Factors Affecting the Future of Power Supply Industry

Factors Affecting the Future of Power Supply Industry

DOI: 10.4018/978-1-4666-0173-4.ch002
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The understanding of all factors that might influence the planning process directly and indirectly is a prerequisite to guaranteeing a realistic outcome. This understanding provides the guiding principles and outer boundaries of the concepts and thinking process involved in power system planning.
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This section introduces the new emerging trends and critical factors which have shaped and continue to influence decisions of power system planners and operators. These new trends, or critical factors, are characterized by being greatly influenced by market and political forces. The evolution of new ownership models that separate government from private sector is one such trend. Later on the Public-Private Partnership (PPP) has taken its due place.

The discussion about the new regulatory and market constraints will hopefully shed some light on all these issues and how they affect the processes of decision making and conducting business in the electricity sector. It will introduce new terminologies, discuss new procedures and tools, and present the philosophy underlying the changes and trends that lie ahead.

The new trends have evolved from the deregulation strategies adopted by almost all power utilities. The model of a comprehensive monopolistic utility is almost a fact of the past; although in few countries it is still in place. Presently there is the vertical model which distributes the country into geographical regions and gives a concession to one utility to serve one particular region or area. Then there is the functional model which separates generation from transmission from distribution and gives each one to one or more companies. In between the two models there are several variants. These variants depend on the ownership of the power utilities. For example generation and distribution are privatized while transmission is kept as a government entity. In others generation is kept with government while transmission and distribution are privatized (Metaxiotis, 2010, p. 1).

In almost all cases, government is moving away from controlling the power system and more into regulatory roles and duties. This is driven primarily by the fact that governments want to divorce themselves from the heavy burden of financing the power system. Luckily, the private sector is interested in assuming this financial responsibility provided it gets fair return on its investment. The governments are somehow satisfied with the regulatory roles, which include tariff setting, licensing, power quality issues, and more. The relationship between the regulatory body, which does not by default represent government per se, and the power companies could be a complex one as the criteria used involve customer satisfaction, companies' profitability in addition to quality of the power delivered.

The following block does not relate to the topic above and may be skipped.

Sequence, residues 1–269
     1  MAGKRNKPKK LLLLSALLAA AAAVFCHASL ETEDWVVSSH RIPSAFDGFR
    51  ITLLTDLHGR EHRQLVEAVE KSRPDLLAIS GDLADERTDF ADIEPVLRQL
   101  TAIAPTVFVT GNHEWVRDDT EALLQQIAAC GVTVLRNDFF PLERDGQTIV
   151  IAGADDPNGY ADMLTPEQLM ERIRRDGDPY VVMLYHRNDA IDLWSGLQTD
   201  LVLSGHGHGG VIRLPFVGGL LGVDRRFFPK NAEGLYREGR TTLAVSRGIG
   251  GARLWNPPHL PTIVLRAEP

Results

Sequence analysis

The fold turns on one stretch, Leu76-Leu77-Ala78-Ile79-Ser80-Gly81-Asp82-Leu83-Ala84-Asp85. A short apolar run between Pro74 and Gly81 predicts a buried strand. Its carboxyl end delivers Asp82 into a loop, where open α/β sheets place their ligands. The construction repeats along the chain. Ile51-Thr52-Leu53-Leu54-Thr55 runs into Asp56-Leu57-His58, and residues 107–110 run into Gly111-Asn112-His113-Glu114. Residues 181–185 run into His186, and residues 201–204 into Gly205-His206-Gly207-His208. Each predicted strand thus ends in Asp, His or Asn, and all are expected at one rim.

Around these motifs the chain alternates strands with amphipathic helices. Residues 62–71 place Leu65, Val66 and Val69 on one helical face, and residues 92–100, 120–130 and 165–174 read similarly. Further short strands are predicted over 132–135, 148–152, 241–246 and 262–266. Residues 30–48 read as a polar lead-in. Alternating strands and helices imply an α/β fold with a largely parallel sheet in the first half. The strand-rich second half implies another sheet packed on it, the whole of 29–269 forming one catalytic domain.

In certain aspects these ownership models have created competition and a drive for better quality. Therefore, new technologies and procedures have been tried and put into use. Moreover, customer satisfaction has become an important factor in the electricity business to the extent that in certain cases customers dictate their preferences as to green power over other environmentally polluting sources. In other cases performance of power companies in relation to power quality standards constitutes a bargaining power against such companies.

The electricity supply industry has faced and is still facing challenges and threats from emerging new trends. As a matter of fact the structure and shape of the electricity supply industry have been greatly affected and changed as a result of these trends. These trends cover a wide spectrum of areas and they are inter-disciplinary and interrelated. Therefore, functions and responsibilities of the various entities must be such as to be able to cope with this fact. Moreover, engineers currently working in the electricity supply industry are quite different from the older ones who used to work in the recent past. Although the basic education is almost the same, newer curricula have introduced newer sciences and tools, which were not present in the past.

All these new trends have created new functions and duties for the power system planners and operators. On one hand better tools have been developed to improve the planning aspect of the power system including peak load and energy forecasting, risk assessment and reliability enhancement, integrated resource planning, and future expansion and investment planning. On the other hand other tools have been developed for the proper and cost-effective operation of the power system. These include: contingency analysis, economic dispatch with provision for tie-line control and power exchange, energy efficiency, demand side management, reliability and availability monitoring, optimum power flows and loss reduction, interruption management and power restoration, and billing and payments follow up (Metaxiotis, 2010, p. 2).

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